Patricio Gómez-Salas Ramírez
Wooden structures, like all lightweight constructions, do not have a high acoustic performance at low frequencies. This is particularly true concerning impact sounds and the transmission of structural vibration through the structure. The presentation explores some typical structural connections details and acoustic solutions selected by designers of timber buildings in Europe and overseas, along with the concept of “desolidarization,” with specific, resilient profiles.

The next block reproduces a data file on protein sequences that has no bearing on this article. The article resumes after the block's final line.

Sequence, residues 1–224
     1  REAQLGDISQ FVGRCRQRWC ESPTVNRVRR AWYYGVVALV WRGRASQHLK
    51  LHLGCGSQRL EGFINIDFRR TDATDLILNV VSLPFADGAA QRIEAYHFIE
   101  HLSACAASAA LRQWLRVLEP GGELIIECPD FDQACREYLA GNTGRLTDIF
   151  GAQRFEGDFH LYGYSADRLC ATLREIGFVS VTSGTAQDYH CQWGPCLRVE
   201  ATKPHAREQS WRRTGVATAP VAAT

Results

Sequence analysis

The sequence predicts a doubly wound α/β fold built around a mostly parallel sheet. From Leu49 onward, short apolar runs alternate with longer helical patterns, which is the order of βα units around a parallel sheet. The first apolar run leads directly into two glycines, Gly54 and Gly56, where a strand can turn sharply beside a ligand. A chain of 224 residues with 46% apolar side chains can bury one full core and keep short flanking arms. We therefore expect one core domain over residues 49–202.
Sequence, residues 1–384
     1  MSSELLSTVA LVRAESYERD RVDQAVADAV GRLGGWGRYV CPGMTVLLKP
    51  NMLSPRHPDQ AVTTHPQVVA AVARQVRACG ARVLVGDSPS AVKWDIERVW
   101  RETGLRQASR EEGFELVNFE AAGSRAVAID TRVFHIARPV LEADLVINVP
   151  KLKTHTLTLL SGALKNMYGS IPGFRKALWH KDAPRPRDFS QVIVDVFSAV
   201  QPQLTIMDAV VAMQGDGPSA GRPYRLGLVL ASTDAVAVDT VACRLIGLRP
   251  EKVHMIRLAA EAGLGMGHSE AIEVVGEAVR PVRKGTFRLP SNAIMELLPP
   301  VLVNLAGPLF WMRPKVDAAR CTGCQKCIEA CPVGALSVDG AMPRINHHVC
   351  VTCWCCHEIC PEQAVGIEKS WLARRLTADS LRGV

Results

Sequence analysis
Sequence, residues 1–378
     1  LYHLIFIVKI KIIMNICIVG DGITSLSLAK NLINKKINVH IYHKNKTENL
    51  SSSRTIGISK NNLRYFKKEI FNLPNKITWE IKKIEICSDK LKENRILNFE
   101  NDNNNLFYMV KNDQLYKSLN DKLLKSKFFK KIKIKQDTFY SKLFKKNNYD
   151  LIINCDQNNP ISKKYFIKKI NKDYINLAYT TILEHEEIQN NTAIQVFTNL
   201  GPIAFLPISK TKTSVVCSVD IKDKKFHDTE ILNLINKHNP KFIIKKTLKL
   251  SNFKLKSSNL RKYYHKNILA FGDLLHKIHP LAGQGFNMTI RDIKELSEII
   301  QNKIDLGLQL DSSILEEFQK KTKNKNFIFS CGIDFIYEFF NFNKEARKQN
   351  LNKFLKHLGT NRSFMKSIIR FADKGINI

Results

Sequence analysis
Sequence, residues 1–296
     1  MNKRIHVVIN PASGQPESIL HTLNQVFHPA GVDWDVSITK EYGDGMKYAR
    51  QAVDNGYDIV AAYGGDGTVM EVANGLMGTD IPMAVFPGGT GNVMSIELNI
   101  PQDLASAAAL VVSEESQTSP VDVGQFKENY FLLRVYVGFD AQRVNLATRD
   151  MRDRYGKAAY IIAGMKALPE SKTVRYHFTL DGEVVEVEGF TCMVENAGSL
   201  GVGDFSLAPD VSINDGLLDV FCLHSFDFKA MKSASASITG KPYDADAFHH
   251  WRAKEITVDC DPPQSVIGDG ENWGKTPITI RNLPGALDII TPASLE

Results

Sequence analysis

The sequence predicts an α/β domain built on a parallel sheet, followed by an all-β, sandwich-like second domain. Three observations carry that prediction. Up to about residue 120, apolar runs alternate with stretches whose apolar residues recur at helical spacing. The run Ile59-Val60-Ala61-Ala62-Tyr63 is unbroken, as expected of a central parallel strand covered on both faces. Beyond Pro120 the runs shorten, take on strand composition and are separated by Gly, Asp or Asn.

As a fastening system, self-tapping screws have several applications in lightweight (e.g. light-frame) and massive (e.g. cross-laminated) timber structures, including panel-to-panel connections between adjacent walls, or between floor panels and underlying walls, and step joints among platform beams and underlying walls. The main range of applications with self-tapping screws is discussed. Specifically, cross-laminated timber (CLT) structures are made with prefabricated panels, connected by using metal devices such as hold-downs and angle brackets. The hold-downs, generally positioned at the end of the wall panel, work mostly in tension to avoid rocking of the wall, while the angle brackets, uniformly spaced along the wall panel, work mostly in shear, to avoid slippage of the wall. Some typical construction details are shown in this presentation. Thinking and contributing to the evolution of wooden buildings means identifying innovative technological solutions, developing specific connections for CLT structures, and adopting new, simple and quick construction systems. X-RAD and Spider are two new developments for CLT and post-panel timber structures, designed to simplify on-site operations, ensuring precision and quick assembly, while providing excellent static performances. These are also discussed.